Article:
Pittsburgh Needs a Regional Solution

By Kollengode S. Venkataraman

Recently, Pittsburgh Mayor Luke Ravenstahl’s proposal for a 1% tax on college tuition drew a lot of flak. Obviously, nobody likes taxes. As with many fiscal problems the nation is mired in, the fiscal problems of Pittsburgh have been growing for over two decades since the decline of the steel in the 1970s. All elected officials were only too aware of them.

In many parts of the nation, during the years when oil was aplenty and inexpensive, the suburbs grew at the expense of the cities. There were also strong underlying social trends contributing to this: School busing, high crime rates in inner cities, and housing integration all contributed to what sociologists called the White Flight in which suburbs grew at the expense of cities. The graph below encapsulates this trend in our region.

The data for this plot were taken from http://www.spcregion.org,the website for the Southwestern Pennsylvania Commission, the forum for collaboration and public decision making. This forum comprising of elected officials from the ten counties around Allegheny County also has state and federal government officials. The other source for the data is of course the US Census Bureau. The following numbers are worth extracting from the plot.

We see that Pittsburgh’s population has disproportionately decreased from its peak when compared with the population declines in the region.

Secondly, nonprofit organizations — educational institutions, hospitals, places of worship, museums, recreational facilities, and many, many others — occupy a large chunk of real estate in town. The tax-exempt nonprofits, as elected officials have stressed, considerably reduce the city’s tax base.

To add to the city’s woes, a large number of suburbanites- estimated to be the entire population of the city – descend onto the city or drive through the city every day for work, recreation, and transacting business. This many number of people coming to the city every day drains a lot of city’s resources. The mayor simply can not pile more tax on city’s shrinking number of residents to fill the gap.

Yes, the city’s financial problems have been festering for a long time. But the tax-exempt nonprofits are not on moral high ground when they complain about the mayor’s 1% tax proposal on tuition.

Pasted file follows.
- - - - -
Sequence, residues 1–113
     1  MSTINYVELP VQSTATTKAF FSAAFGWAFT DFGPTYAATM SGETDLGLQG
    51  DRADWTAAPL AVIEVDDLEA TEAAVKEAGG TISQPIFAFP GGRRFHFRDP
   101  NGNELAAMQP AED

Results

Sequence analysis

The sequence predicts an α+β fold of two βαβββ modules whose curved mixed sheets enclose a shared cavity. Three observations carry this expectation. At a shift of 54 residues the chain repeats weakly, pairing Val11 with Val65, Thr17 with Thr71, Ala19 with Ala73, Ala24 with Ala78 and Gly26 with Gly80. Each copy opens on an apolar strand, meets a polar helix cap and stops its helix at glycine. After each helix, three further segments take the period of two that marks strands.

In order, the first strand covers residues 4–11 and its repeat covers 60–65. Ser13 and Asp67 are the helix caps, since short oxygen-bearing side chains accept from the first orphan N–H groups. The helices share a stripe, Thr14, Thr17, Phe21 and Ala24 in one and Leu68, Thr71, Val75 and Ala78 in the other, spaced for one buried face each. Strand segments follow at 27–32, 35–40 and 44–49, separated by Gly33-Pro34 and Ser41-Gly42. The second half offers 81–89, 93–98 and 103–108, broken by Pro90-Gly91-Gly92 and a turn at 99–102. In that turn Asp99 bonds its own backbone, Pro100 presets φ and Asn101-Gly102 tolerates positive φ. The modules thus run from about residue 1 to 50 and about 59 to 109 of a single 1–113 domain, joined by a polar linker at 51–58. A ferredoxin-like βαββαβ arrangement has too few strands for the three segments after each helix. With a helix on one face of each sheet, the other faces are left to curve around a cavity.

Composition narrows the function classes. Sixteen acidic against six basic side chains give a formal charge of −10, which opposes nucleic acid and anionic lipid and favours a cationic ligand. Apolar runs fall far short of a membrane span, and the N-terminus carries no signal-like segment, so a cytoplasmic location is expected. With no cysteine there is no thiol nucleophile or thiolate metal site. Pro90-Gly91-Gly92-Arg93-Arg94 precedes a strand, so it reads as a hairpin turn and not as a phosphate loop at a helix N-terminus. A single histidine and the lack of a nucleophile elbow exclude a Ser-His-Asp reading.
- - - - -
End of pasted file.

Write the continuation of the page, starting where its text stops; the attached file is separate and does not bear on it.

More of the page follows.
The entire healthcare industry has been raising their charges on patients every year. Colleges and universities too have been continually raising their tuition to students. And the supposedly nonprofit UPMC makes obscene profits and has a huge and arguably aggressive presence in town.

The decline of steel in the 1970s devastated the entire region, and USAirways shutting down its hub at the Pittsburgh airport financially ruined the airport. So, we can argue that UPMC’s increasingly dominant presence may not be good for the city or for the healthcare industry in the region in the long run. Besides, the nonprofits are not living on shoestring budgets. The profligate management styles of the nonprofits and the salaries of their executives make one wonder if we need to change the definition of nonprofits for tax purposes. See Sally Kalson’s article UPMC: at odds with itself (www.post-gazette.com/pg/07140/787267-149.stm).

There are other solutions to the region’s problems. One is consolidating the 120-plus municipalities in Allegheny County into a SINGLE municipality. But given local politics and the refusal of the affluent neighborhoods to shoulder the region’s problems — even though they fully exploit and benefit from the city’s resources — we can as well wait for the Second Coming.

I’ve called Luke Ravenstahl “Fluke” Ravenstahl because he became the mayor by accident when Mayor Bob O’Conner suddenly died. Obviously, this epithet is misplaced because the mayor is expected to solve Pittsburgh’s huge financial mess. If anybody has a viable, equitable alternative to bridge the $15 million hole in the city’s budget, give him a call. He is all ears.

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